Santa Pod Raceway – England
Nostalgia isn’t what it used to be, it appears to improve year on year. Seven years down the line and Dragstalgia is firmly established in the racegoers calendar with fields growing, performances getting quicker and faster, and the racing portion getting more competitive. With the UK basking (okay, basking sounds like it was pleasant, it has been too hot for too long this summer!) in a summer for the ages, the 2018 edition of the event certainly lived up to its billing.
John Hobbs shows little sign of slowing down and brought the recreation of the Olympus Triumph and the blown double Weslake Hobbit that served him well through the 60s into the 80s to mix it up in the NSA demo. Some mixed fortunes, with Olympus going pop on its only outing, but the Hobbit sped to an 8.5798 best that would have been pretty stout in it’s late 70s—early 80s pomp. Not for the first time, Hobbs’s opponent in the final (resulting from the quickest pair from the preliminary sessions) was due to be Martin Wilmott and his 500cc Capella Triumph who had carded a low nine but was a no-show.
One of the features of this year’s NSA show was the increasing internationalization with French, Belgian and Italian riders joining in the fun and games. We should also tip the cap in the direction of veteran drag bike journalist Keith Lee who not only has been the organizing force behind the two-wheeled showdown at Dragstalgia for the past seven years but has also managing to juggle a microphone and his camera on the startline and was a very deserving recipient of the Spirit of 76 award this time around.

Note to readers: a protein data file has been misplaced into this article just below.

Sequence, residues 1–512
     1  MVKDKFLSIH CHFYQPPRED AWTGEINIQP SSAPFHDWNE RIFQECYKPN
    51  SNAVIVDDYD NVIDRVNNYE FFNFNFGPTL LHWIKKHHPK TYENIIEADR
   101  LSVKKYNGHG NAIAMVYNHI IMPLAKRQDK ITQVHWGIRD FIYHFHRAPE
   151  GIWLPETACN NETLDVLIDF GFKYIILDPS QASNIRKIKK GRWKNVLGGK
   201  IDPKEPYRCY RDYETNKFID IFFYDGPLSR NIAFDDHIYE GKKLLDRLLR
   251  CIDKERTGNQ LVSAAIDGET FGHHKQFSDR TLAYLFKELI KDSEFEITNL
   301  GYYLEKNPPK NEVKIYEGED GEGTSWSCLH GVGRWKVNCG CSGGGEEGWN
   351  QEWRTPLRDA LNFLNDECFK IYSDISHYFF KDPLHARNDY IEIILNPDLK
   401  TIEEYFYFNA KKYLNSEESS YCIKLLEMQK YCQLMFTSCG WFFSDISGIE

Nostalgia Pro Stock Bike
In contrast to the NSA, the stocker collective ran through four rounds of eliminations eventually crowning Andy Lambert as the Dragstalgia winner for the second season in a row with an 8.9778/142.98 from his z900 also earning low qualifier spot and the weekend’s low ET. Tyne Blight was due to be his final round opponent, but the GSX 1100 ET refused to start despite just minutes earlier managing to break the beams on a semifinal solo.
The appetite for small-tire old school stockers appears to be as yet unsated with an increased entry of twelve (eleven managing to get a qualifier in) in the second year that the class has graced Dragstalgia and a fair few more in various states of readiness around the country and beyond, including the strongly rumoured return of the late Brian Johnson’s Imperial Wizard one of the class leaders when British barred bikes transitioned from Pro Street to Pro Stock back in the early 80s.